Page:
Tuesday 23 January 2018

Westerners learned lessons from Ireland's All Black heartbreak

Connacht's players celebrate after beating Toulouse in the Ernest Wallon stadium
Connacht's players celebrate after beating Toulouse in the Ernest Wallon stadium

Trevor Horgan

Mental ammunition is invaluable in rugby. It is the key to the intensity and aggression we saw from the Irish team a couple of weeks ago, who had been given no chance against the All Blacks.

Again, Connacht were written off against Toulouse – 200/1 outsiders, given no chance of even getting a losing bonus. Given last week's collapse against Edinburgh, and Toulouse's formidable home record, the signs were ominous.

But this all just fuelled the mindset for the greatest win in the province's history.

Even conceding Jean-Pascal Barraque's try just before half-time didn't shake their resolve. The response early in the second half and the manner in which they attacked, the skill level and accuracy in the interchange between Robbie Henshaw and Fionn Carr showed this wasn't simply a backs-to-the-wall performance. Yet it was their heroic defending in the closing stages that will stay in the memory.

It was as if in those final two minutes the Connacht men were thinking of the way in which the Irish line-speed dipped in the last 30 seconds against the All Blacks. Here, the Westerners increased the tempo, sprinting off the line, with great chop tackles from Denis Buckley, Jake Heenan and John Muldoon. There was no way Toulouse were getting into penalty range.

It was phenomenal mental strength to have that level of hunger and self-belief in the closing phases.

Having lost eight games in a row, being bottom of the Pro 12, the natural reaction would have been to start doubting themselves. But the opposite is what happened.

This ability to use the underdog status and bitterness at past defeats to drive passionate performances seems to be a trademark strength for Irish sides.

Leading into their game against Leinster on Saturday, with the pain of their defeat in the 2011 final still raw, Northampton appeared to have the motivation needed to fuel a massive performance, with Tom Wood declaring: "We do owe them one."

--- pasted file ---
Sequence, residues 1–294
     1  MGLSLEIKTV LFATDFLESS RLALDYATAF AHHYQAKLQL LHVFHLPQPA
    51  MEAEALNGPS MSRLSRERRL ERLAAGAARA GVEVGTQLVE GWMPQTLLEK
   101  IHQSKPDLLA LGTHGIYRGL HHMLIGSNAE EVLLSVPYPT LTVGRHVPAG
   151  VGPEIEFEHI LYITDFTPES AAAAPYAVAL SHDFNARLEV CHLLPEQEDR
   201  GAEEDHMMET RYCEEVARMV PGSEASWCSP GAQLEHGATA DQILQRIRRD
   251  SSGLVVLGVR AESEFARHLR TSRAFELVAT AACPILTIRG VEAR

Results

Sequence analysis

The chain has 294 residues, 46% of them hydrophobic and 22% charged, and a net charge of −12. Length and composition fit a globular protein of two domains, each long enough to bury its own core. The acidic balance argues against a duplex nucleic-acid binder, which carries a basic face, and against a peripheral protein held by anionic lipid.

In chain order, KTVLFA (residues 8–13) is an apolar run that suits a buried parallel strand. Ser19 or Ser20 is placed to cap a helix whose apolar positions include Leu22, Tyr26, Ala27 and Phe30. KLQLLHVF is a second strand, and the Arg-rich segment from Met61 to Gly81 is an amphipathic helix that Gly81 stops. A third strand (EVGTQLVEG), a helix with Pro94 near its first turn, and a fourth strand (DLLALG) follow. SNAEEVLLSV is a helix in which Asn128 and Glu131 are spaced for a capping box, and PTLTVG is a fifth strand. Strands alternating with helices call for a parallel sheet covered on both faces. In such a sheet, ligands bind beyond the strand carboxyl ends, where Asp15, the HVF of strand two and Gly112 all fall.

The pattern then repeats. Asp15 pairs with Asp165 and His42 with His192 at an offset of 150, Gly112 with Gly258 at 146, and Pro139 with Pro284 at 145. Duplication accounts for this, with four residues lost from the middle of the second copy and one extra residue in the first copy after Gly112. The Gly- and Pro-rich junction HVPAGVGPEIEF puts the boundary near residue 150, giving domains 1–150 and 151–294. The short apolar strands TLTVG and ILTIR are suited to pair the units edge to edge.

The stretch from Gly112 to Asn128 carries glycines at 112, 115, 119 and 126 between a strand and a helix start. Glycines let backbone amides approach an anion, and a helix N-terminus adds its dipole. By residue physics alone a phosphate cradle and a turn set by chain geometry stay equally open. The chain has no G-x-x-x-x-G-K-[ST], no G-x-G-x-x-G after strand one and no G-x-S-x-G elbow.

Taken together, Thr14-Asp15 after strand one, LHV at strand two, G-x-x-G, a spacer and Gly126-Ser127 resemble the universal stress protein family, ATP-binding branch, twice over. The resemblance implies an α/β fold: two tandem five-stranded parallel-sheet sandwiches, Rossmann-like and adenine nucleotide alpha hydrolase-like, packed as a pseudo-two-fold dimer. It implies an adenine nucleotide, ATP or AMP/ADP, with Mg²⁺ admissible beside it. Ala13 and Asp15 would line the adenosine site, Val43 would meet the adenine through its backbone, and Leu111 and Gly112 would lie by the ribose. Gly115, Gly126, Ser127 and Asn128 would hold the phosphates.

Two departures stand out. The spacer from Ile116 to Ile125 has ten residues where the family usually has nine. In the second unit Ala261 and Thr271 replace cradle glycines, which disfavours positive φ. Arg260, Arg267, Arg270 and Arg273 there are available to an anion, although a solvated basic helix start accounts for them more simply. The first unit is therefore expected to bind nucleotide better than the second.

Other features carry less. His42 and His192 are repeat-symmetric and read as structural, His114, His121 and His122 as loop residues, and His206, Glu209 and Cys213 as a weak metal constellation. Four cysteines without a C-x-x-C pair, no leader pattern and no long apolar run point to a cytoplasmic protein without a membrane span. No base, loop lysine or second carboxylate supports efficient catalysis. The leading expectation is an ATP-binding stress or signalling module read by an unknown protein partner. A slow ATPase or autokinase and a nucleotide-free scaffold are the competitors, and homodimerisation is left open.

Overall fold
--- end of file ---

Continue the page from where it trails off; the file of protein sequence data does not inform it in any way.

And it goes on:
Yet, from the kick-off, Leinster's intensity and hunger dwarfed Northampton's, as they produced one of their most complete and focused European performances.

The huge disappointment of missing the knock-out stages last year, the back-to-back losses against Clermont this time last year, maybe even all the 'revenge' talk from Northampton fed into a ruthless Leinster mindset.

In the opening quarter, Leinster's determination was clear in so many areas. Their urgency at the breakdown was again massive, with Jamie Heaslip getting a great early poach, while Devin Toner, Rhys Ruddock and Mike McCarthy stopped Northampton getting any momentum with a series of choke tackles.

Leinster's work in attack, particularly their tempo and ability to recognise the gaps in a disorganised Northampton defensive line, highlighted their intent. A lot of the attention in this regard rightly went to Brian O'Driscoll's vision and skill. His grubber kick when identifying Ken Pisi was out of position, and then his outrageous between-the-legs pass to Rob Kearney, directly led to two of Luke Fitzgerald's outstanding finishes.

In all of this, Eoin Reddan's ability to dictate the pace from the base of the ruck was crucial. It was Leinster's lines of running in the 'nine' channel that set the platform for the dominance out wide.

Reddan's great skill is the way he runs a small arc, after picking the ball, tying in the first and second defenders. This gives the Leinster ball carriers the opportunity to run hard into the space that these defenders have left and they ran riot on Saturday.

RUTHLESSNESS

Leinster's ruthlessness was reflected in the focus on their faces even after they had gone 26 points up. There was barely a glimmer of satisfaction in the opening half at all, despite their dominance. The mantra of the 'next ball, the next play' was evident, as they set about completely shutting down any prospect of a Northampton revival.

Even after getting his hat-trick, Fitzgerald didn't allow himself a smile, as he set about focusing on the next job – two minutes later getting another steal at the breakdown and then dragging Tom Collins into touch.

This attitude was reflected throughout the Leinster side, epitomised in the work rate of McCarthy, who on several occasions chopped down George North, and Ruddock's massive steals and carries.

There is also a genuine culture of humility within this squad that underpins their relentless drive for success.

After the match both Fitzgerald and O'Driscoll deflected attention away from their own outstanding performances, with Fitzgerald's main concern being about a loose pass he threw to Reddan, saying, "I'm going to get killed in the video room."

This is the approach that will drive them to repeat the process next weekend, conscious of how Northampton turned around a similar defeat to Ulster by winning at Ravenhill.

Irish Independent

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